How many people out there like headphone cords? Probably not a great number, but audiophiles will tell you that hard-wired headphones offer far superior sound quality than their wireless counterparts. Sennheiser, however, would have us believe otherwise. The company states that thanks to its Direct Sequence Spread Spectrum (DSSS) technique, its new RS 220 wireless headphones sound like they've got a cord coming out of 'em.
DSSS, as described by Sennheiser, "is a frequency spreading process in which the output signal is spread to a width of 22 MHz by means of a specified bit sequence." This means that the audio data is transmitted simultaneously on several different frequencies, so if one frequency experiences interference, the data is still able to get through on one or more others.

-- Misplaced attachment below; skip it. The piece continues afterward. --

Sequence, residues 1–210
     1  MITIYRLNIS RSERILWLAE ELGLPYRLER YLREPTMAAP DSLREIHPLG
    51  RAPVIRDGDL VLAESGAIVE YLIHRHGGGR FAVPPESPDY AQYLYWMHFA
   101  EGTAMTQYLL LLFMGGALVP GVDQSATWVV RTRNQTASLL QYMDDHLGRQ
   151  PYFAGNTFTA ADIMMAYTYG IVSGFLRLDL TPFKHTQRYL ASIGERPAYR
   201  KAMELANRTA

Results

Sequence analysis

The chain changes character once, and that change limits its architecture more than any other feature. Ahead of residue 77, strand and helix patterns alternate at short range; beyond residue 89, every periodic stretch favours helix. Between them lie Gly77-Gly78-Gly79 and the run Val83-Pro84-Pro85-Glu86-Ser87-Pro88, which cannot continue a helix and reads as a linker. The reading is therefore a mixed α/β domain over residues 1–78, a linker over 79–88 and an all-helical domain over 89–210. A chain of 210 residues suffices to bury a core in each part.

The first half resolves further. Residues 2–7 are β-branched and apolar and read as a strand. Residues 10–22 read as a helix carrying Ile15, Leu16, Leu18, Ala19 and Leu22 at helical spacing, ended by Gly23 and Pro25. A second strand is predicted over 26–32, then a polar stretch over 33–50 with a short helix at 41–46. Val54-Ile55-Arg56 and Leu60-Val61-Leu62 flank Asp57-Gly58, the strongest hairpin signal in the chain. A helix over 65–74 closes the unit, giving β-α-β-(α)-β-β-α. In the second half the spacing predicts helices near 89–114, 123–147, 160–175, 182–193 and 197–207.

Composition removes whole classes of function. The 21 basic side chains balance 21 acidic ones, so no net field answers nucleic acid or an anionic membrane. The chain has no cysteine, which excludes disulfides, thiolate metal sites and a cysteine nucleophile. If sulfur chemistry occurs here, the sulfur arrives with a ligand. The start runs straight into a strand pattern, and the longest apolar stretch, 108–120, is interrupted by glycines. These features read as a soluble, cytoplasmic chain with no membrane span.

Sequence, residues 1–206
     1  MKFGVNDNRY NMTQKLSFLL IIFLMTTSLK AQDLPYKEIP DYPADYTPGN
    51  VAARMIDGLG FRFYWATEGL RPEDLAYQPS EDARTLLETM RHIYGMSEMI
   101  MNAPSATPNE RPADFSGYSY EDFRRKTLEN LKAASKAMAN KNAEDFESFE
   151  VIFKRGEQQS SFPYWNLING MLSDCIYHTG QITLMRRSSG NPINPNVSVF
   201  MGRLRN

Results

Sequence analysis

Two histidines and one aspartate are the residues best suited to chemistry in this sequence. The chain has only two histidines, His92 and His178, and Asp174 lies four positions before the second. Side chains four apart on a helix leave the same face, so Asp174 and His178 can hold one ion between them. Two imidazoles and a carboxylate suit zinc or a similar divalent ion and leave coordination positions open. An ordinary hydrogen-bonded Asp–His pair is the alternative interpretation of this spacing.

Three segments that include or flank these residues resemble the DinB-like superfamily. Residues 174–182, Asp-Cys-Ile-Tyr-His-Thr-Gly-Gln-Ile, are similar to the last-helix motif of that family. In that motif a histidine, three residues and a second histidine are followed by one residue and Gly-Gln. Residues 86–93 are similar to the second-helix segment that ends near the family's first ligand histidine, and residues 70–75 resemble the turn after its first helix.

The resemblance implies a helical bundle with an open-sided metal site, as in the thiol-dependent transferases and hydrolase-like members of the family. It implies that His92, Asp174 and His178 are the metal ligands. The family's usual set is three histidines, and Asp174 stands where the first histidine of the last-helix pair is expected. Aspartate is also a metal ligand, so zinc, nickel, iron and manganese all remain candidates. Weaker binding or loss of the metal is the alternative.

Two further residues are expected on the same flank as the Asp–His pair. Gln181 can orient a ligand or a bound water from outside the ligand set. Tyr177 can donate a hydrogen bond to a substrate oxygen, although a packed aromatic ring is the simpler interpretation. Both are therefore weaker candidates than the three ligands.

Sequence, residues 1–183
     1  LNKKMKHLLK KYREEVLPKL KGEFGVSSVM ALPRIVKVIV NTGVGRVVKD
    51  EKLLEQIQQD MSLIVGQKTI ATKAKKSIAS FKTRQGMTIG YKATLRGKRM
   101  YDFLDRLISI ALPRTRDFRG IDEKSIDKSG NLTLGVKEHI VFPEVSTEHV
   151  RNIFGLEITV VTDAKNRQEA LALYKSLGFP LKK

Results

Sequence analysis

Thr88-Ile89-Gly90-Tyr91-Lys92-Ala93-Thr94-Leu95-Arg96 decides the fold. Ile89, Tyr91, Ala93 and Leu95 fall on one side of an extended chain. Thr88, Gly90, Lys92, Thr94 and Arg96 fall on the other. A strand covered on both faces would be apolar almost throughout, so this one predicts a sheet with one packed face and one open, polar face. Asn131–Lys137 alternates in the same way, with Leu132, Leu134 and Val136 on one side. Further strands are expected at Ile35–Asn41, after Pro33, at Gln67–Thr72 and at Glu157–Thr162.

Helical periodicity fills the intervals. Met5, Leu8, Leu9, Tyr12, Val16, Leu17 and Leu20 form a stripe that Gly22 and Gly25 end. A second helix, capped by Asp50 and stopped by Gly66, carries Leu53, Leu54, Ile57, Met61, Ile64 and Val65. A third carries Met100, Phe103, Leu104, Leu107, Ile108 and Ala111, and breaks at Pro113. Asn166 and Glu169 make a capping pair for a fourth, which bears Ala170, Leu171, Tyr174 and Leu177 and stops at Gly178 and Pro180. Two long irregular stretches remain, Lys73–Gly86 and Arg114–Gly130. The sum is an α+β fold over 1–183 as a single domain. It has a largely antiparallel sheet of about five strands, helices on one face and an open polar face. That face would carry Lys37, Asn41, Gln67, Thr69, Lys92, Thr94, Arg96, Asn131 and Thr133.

The RS 220 system also doesn't assign an optimum signal volume to its digital data packages. This is a good thing, as it keeps the dynamic range of the music intact - some wireless systems average out the signal, so the quiet sections of a piece end up being louder than intended, and the loud parts quieter.
The headphones themselves incorporate dynamic transducers with neodymium magnets, have a frequency response of 19 to 21,000 hertz, and a maximum sound pressure level of 106 decibels. They are powered by a rechargeable battery pack, which offers eight hours of music playback per charge. Onboard controls allow users to adjust volume and balance, select tracks, and to switch between audio sources, as the transmitter has analogue, coaxial digital and optical digital inputs.
The transmitter puts out an uncompressed 2.4 GHz signal, which can reach the headphones' receiver at a distance of up to 100 meters (328 ft) within a clean line of sight, or 30 meters (98 ft) if not in the same room. It can also serve two sets of the headphones at once.
Sennheiser's RS 220 wireless headphones are due to arrive in stores this month, at an as-yet unknown price.
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